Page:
Before we get into what first-time buyers want, though, let’s have a look at who they are.
Meet the first-time homebuyers
According to the NAR, these new buyers are young. Their median age is 32, which is an all-time high, and their median income is $72,000. They like homes on the slightly larger side, at 1,650 square feet, with a median price of $182,500.
Debt is one of the biggest factors that deters young people from purchasing a home. Most first-time buyers use personal savings as a down payment, and being required to service debt has cut into their ability to save. Student debt is by far the biggest impediment to saving. According to the Federal Reserve, the mean student loan balance for borrowers in their 30s is $31,000. That debt factors heavily into homebuyers’ decision-making processes. Fifty-five percent of the first-time buyers in the NAR’s research said that paying for their education delayed saving and therefore delayed buying a home.
But, with that in mind, what do they want from a home itself?
Open plan kitchen/dining areas
The formal division between the kitchen and the dining area has eroded in the mind of many younger homebuyers. A kitchen/dining area that shares space and turns the kitchen into a hangout area as opposed to a separate room for food preparation will be preferable to many millennial buyers. Likewise, rooms that flow together as opposed to being partitioned off from one another will allow for more flow, much like the open-plan offices that many young buyers will be accustomed to in their professional lives.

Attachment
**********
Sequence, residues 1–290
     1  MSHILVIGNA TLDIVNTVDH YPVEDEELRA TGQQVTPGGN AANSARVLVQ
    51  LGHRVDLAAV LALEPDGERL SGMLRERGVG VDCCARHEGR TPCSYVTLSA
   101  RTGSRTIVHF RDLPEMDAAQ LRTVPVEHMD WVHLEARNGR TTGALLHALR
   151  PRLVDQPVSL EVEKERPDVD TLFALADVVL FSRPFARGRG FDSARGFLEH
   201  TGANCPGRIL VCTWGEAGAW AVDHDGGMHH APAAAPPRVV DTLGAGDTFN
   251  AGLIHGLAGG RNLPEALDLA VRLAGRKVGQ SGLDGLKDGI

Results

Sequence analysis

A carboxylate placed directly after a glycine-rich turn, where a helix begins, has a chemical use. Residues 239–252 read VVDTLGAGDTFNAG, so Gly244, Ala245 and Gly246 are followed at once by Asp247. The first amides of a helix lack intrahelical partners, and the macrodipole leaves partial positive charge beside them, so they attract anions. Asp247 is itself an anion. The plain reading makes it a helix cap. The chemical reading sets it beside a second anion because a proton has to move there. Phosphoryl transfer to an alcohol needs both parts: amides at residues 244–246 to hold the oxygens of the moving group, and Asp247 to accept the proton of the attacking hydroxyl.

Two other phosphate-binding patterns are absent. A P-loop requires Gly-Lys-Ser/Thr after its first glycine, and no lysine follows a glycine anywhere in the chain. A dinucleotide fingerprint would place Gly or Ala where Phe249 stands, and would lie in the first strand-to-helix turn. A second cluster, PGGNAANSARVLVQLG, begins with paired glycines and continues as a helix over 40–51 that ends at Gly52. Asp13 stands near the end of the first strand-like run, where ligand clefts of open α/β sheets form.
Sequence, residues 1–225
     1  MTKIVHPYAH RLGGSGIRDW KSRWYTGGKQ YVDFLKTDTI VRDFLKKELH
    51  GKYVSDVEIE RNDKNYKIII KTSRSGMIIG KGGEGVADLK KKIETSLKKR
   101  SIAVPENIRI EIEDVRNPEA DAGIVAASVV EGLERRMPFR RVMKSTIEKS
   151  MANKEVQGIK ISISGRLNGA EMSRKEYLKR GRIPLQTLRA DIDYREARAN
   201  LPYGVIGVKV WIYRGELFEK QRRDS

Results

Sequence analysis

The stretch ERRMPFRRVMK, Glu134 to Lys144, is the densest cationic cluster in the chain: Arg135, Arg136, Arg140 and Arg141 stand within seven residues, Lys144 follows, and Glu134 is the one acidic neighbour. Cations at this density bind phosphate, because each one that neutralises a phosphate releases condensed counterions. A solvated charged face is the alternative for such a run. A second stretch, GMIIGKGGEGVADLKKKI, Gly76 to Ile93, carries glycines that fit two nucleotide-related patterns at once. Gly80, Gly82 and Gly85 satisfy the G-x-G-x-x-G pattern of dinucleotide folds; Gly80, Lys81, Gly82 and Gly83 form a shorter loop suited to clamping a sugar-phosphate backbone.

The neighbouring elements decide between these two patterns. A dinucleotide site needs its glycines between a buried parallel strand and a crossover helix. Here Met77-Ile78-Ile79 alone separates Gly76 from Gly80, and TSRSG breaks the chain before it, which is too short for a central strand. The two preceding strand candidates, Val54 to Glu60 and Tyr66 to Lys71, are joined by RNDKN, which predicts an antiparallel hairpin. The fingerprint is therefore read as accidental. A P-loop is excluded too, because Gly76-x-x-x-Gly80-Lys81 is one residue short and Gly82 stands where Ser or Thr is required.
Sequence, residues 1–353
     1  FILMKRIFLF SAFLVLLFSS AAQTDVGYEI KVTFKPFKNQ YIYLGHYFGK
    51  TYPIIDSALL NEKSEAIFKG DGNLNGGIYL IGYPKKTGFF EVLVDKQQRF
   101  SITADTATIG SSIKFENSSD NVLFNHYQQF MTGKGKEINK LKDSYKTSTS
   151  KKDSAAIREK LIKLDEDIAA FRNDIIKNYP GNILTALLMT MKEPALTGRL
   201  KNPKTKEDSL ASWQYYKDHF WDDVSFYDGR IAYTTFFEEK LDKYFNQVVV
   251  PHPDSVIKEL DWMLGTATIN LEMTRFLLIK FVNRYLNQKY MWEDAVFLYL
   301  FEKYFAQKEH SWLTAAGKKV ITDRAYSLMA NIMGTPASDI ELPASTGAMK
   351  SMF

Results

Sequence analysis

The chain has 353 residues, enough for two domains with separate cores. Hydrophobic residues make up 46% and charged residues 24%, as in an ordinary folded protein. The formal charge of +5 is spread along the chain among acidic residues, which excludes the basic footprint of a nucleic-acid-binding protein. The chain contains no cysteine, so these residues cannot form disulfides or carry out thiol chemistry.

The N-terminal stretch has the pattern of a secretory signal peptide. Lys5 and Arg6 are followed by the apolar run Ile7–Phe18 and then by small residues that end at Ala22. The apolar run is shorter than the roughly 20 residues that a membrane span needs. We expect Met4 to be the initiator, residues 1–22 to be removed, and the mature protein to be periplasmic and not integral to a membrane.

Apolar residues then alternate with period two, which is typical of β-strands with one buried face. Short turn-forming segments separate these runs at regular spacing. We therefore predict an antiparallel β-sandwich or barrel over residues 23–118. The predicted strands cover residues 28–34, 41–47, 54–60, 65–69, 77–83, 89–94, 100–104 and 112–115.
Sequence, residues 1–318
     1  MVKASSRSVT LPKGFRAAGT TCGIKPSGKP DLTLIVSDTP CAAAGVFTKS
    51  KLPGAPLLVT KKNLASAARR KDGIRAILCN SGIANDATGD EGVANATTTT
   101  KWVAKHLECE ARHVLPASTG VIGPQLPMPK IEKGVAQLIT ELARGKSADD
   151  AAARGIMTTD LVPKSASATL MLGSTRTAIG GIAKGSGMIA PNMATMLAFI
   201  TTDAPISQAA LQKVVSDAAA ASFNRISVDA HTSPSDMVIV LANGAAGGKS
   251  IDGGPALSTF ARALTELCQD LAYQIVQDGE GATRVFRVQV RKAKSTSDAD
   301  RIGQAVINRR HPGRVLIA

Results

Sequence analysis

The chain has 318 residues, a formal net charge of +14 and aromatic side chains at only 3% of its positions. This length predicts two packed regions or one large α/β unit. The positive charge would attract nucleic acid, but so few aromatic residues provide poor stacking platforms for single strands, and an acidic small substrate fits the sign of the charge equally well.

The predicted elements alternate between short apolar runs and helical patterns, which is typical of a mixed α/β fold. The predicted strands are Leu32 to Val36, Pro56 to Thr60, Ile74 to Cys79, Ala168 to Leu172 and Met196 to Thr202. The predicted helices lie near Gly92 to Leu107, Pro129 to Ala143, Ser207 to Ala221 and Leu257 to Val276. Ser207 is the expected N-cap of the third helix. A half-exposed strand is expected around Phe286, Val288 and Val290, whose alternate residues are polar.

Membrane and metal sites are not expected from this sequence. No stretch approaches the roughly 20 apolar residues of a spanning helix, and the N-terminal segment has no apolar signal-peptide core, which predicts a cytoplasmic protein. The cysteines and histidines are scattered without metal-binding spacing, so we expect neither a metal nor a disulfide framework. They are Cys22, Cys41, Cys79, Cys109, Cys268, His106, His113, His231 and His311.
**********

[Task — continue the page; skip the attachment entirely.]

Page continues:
Home office space
Flexible schedules and working from home have become the norm for a large section of the workforce, especially for those younger than 40. Many first-time buyers will likely look for a room that was previously a den or guest room and turn it into a remote work area for days when they’re working from home.
According to several polls, millennials care about the environment. Younger consumers look for sustainability and green technology in the products they buy and the lifestyles they live, and energy efficiency and green energy can be a part of that. Make your home energy efficient by adding insulation, LED lighting, and solar panels. Being able to point to all the features in your home that give it a lower carbon footprint (and lower power bill) will entice young buyers even more when they see it.
Social media appeal
Real estate professionals can tell you all about the importance of staging your home for an open house, about curb appeal, and about all the tips and tricks you can do to make your house look its best self. All that tried-and-true advice still applies when selling to first-time buyers. However, their first impression of your home probably isn’t going to be when they walk up. These new buyers are likely to seek out your home on property websites and social media. With that in mind, make sure your home has some good virtual curb appeal. Get it ready for Instagram and Facebook the way you’d get it ready for an open house, so that the good impressions can start before buyers see it in real life.